“I think I am going to be pretty familiar with them,” Trevino said. “What a lot of people don’t know is, I have been watching film on them and I have been in contact with their catchers. Watching film, getting to know them, know their tendencies and what they like to do in certain counts helps.”
Trevino has also been spending as much time as possible with Rangers hitting coach Luis Ortiz. He has made many adjustments in his swing and approach at the plate.
“I’m actually sitting on top of my head,” Trevino said. “No. ... Just some plate discipline type of stuff, swing plane, rhythm. Just kind of getting the base stuff down. Working with Luis this whole offseason has really helped a ton. Him having his eyes on me the whole time has been great.”
All this work makes it sound like Trevino has no intention of starting the season at Triple-A Nashville, though that is a distinct possibility.
“I’ve got no control over that,” Trevino said. “I don’t make those decisions. I’m just ready to go to Spring Training and compete.”
Trevino spoke Saturday at the Dr. Pepper Ballpark in Frisco during the Rangers Winter Caravan stop. He was there to sign autographs. He did so just three days after the Rangers made the official announcement that they had signed free agent Robinson Chirinos.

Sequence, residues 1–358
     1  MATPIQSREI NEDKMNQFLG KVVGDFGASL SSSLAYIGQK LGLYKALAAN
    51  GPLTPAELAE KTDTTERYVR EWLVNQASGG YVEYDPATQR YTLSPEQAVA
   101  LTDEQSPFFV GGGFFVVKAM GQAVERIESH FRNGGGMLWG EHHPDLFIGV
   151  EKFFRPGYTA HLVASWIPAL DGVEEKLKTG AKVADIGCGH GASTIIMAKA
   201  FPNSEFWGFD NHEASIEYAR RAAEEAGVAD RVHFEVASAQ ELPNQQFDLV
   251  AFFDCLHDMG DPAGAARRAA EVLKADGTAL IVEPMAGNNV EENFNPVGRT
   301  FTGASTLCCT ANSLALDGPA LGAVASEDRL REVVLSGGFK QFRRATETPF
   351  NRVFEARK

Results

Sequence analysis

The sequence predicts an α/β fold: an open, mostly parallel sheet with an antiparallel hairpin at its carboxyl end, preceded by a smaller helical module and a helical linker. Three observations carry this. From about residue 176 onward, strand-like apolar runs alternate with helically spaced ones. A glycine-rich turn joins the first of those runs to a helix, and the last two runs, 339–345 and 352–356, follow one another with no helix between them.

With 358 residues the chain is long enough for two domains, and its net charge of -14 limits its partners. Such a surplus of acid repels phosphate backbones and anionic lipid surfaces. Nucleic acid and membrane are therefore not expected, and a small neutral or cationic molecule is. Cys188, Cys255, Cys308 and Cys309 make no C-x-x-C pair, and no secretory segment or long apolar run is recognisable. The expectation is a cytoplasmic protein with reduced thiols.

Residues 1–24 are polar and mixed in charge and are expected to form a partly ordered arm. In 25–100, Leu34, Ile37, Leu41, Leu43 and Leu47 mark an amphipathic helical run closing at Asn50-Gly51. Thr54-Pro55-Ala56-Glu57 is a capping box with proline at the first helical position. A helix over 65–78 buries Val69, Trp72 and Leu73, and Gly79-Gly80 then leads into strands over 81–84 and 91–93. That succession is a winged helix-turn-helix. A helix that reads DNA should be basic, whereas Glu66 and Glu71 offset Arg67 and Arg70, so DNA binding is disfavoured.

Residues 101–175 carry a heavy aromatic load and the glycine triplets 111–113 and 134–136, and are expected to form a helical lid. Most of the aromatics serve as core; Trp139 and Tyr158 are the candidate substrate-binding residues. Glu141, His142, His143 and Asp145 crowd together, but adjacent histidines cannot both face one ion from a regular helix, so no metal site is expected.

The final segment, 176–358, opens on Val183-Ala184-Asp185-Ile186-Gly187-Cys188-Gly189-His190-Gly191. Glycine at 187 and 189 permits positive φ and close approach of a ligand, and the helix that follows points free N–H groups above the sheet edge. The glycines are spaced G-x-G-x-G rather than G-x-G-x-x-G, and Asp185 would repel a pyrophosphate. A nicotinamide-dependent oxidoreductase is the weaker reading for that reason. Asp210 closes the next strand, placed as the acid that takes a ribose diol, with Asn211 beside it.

That gives the Rangers three catchers on their Major League roster, including 15-year veteran Jeff Mathis. Since it is highly unlikely that the Rangers will go with three catchers on Opening Day, somebody will be the odd man out. Rangers general manager Jon Daniels has already suggested that Texas will start the year with Chirinos and Mathis, but that will ultimately be determined in Spring Training.
“I’m just going to go out about it being ready for the opportunity once it arrives,” Trevino said.
The Rangers place a high value on Mathis’ expertise behind the plate. He obviously has a significant edge in that regard over Trevino, who was a rookie last season and played in just 40 games. But this is still a young catcher who won two Gold Glove Awards for defense in the Minor Leagues and had just one error and one passed ball for the Rangers last season while throwing out 40% of attempted base stealers.
Offensively, Trevino hit .258/.272/.383, including a .308 average with runners in scoring position. His .272 on-base percentage needs to get much better, hence the offseason tutorials with Ortiz on plate approach.
“I take it as I had the opportunity to show the world who I was,” Ortiz said. “I felt it gave me confidence to believe in myself and believe I belong there. I think it’s going to carry me into the next season.”
Obviously, Ortiz did not show enough to make the Rangers feel comfortable he is ready to be the No. 1 catcher. That’s why Chirinos is here. But Trevino did show enough to make it clear that there will be competition for the backup role between Mathis and Trevino this spring
The question is, what more does Trevino need to show the Rangers?
“That’s a tough question,” Trevino said. “That I’m ready to play and I’m ready to go. And I think I will.”